How to write a speech about your identity
How do you explain to people who you are? This is a question that many people ask themselves. And the answer can be different for everyone! For some, it might mean having to give an introduction at a party. For others, this could mean giving a speech about your identity. Whether you're looking for tips on how to write your speech or want more information on what "identity" means, this question answers various ways on how to write a speech on your identity with examples
What is an identity of a person?
An identity is a person's sense of self: their goals, ambitions and desires. It can also be called one’s personality or character.
The word "identity" comes from the Latin identitas -- which means "sameness." So in terms of our identity, this could refer to how we want people to see us.
One’s identity is made up of many things: gender, race, religion and so on. It can also be called one's individuality or uniqueness.
It defines who we are as people--our likes and dislikes, our morals and values--and what makes life meaningful to us.
When you write a speech about your identity, you will need to know who YOU are as a person. What makes you unique and what matters to you. Be sure to include anecdotes from your past and talk specifically about the values that have shaped your life like hard work or honesty.
General Tips When Writing a Identity Speech
These tips do not necessarilly apply to college speech writing exercises, but also speech presentation.
- The speech must be reliable and believable. From the very beginning, your audience will know if you are telling them the truth or not. If you want to get their attention then it is imperative that they believe what you say from start to finish. This means no exaggerations for effect or embellishments because anything else will fall flat on its face in front of a critical crowd!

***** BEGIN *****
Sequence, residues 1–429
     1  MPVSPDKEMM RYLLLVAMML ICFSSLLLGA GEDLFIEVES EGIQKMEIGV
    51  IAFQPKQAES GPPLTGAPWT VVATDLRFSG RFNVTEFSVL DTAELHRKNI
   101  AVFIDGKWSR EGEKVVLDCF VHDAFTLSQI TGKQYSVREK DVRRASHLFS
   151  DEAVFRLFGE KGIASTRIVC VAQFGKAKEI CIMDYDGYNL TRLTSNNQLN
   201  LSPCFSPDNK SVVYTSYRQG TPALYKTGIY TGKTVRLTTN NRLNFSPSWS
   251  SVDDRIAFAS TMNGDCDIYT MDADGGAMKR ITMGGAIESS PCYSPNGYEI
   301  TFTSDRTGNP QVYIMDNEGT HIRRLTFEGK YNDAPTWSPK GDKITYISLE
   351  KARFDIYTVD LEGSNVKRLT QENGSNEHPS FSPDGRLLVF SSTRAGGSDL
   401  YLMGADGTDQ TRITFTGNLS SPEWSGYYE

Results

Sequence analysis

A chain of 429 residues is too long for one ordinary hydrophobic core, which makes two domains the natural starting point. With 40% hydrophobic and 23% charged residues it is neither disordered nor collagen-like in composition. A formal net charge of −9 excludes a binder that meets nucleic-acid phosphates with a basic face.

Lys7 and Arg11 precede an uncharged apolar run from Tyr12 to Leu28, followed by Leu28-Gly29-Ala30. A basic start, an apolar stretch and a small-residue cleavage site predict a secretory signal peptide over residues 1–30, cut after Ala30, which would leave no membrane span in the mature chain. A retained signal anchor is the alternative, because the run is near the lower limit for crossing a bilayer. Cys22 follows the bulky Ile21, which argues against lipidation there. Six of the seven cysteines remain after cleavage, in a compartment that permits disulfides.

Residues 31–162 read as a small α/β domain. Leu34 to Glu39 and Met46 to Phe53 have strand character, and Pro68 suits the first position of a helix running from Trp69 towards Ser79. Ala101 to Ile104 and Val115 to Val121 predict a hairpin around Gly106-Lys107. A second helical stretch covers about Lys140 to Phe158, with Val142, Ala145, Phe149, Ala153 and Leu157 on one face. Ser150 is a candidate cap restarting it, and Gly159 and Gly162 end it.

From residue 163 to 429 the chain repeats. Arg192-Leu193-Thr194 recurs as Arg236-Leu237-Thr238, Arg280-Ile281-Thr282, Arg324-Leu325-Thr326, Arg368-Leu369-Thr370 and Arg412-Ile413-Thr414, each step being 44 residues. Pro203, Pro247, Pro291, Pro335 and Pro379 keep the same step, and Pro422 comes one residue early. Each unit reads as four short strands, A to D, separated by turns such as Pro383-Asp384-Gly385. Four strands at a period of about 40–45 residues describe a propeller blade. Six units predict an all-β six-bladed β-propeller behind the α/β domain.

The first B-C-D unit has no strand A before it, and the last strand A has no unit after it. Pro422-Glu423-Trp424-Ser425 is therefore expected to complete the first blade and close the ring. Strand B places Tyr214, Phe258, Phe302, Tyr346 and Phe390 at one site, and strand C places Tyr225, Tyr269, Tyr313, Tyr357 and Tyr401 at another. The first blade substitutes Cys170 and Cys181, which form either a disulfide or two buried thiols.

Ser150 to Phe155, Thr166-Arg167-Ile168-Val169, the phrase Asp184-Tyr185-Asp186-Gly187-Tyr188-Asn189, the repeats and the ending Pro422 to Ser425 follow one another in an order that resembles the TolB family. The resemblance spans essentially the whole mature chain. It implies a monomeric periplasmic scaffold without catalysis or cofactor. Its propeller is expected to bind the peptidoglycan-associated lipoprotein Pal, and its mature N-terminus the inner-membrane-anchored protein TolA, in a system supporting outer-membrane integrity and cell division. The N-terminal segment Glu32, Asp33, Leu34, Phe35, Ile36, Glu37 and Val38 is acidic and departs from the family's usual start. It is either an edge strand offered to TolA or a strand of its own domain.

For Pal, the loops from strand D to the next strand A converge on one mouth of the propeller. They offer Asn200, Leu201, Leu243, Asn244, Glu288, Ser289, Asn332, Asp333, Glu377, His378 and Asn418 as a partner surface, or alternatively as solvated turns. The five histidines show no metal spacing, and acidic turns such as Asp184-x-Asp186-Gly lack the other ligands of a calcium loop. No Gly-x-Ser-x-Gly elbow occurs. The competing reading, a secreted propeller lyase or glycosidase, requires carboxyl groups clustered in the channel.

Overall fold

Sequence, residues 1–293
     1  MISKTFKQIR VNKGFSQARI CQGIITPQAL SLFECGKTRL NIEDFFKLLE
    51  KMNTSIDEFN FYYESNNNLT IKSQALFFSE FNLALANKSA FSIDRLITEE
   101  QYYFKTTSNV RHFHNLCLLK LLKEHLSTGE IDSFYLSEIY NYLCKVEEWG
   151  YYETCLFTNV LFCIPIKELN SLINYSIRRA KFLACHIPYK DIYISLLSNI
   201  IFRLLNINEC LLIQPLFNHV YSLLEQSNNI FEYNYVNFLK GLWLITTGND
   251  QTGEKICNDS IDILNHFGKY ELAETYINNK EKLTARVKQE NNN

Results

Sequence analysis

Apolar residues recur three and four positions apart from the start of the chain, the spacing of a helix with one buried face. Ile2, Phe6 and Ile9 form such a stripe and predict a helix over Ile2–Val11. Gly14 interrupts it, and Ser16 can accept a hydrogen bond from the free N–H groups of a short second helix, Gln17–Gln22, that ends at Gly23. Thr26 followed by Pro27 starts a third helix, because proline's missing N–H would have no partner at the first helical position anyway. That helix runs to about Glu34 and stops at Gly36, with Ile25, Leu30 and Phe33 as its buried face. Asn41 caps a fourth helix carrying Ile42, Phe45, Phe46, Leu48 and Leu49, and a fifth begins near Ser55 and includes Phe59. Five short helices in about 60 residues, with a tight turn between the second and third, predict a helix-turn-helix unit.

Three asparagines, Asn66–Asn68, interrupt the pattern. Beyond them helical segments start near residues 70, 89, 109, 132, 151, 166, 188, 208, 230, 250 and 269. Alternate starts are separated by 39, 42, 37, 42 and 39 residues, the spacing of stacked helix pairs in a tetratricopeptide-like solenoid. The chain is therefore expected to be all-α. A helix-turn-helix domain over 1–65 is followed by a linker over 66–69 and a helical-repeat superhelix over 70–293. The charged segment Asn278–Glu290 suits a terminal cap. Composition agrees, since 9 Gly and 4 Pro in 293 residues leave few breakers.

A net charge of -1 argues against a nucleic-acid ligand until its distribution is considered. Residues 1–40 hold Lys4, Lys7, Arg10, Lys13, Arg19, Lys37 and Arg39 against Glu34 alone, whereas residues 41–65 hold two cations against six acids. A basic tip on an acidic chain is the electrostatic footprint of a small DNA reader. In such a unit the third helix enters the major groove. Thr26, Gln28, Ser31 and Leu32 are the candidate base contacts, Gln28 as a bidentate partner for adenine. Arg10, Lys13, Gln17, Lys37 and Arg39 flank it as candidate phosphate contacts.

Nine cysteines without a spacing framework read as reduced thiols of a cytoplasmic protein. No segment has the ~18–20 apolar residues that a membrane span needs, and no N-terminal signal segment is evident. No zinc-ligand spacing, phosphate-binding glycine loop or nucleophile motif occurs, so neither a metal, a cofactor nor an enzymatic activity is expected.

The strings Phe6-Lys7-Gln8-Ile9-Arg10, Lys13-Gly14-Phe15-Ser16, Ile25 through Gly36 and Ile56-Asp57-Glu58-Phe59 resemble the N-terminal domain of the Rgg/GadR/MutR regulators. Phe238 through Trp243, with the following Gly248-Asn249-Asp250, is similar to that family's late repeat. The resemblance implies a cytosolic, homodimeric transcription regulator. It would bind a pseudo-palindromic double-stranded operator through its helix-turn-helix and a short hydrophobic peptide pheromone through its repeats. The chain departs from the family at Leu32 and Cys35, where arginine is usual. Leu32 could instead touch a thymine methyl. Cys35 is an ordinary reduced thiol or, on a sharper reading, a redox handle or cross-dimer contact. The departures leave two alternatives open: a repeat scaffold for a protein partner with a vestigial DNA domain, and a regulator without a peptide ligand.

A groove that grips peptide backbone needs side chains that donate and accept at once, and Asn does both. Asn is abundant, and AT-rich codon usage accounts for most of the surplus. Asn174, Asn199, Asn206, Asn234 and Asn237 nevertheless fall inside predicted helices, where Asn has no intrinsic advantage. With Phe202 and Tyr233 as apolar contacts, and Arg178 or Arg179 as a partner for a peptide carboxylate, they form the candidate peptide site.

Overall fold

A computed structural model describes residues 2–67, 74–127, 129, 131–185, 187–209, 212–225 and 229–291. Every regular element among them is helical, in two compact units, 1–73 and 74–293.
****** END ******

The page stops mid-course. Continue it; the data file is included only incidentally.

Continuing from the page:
- The audience must care about the message you're delivering. If what you are saying is not pertinent to their interests, they will tune out and stop listening altogether. That's why it is essential that your speech has a clear purpose so that you can capture attention from start to finish by making sure every word counts!
- Everyone likes an emotional story or joke but remember this: humor should be used sparingly because if the content of your speech lacks substance then all those laughs will ring hollow in front of a critical crowd! It doesn't matter how many jokes there are if none of them land with an attentive audience who won't get anything else when they leave than “did he really say that?”
- Create a structure: It might seem like a good idea to just riff off the cuff but be careful because if you don't have a structure then your speech will lack clarity and purpose, which is why it's important that every word has meaning. Take time to create a clear outline on the points that you will discuss in your speech.
I hope this list was helpful for anyone looking for advice about how they can write a better identity speech.
Remember that people are more interested in what matters most than being entertained by someone telling jokes so keep the focus on the message itself rather than any gimmicks used only as decoration.
Your words should always be chosen responsibly because when used correctly they are a powerful tool that can change the world.
Your Identity Speech Example 2: Speech of an African American Man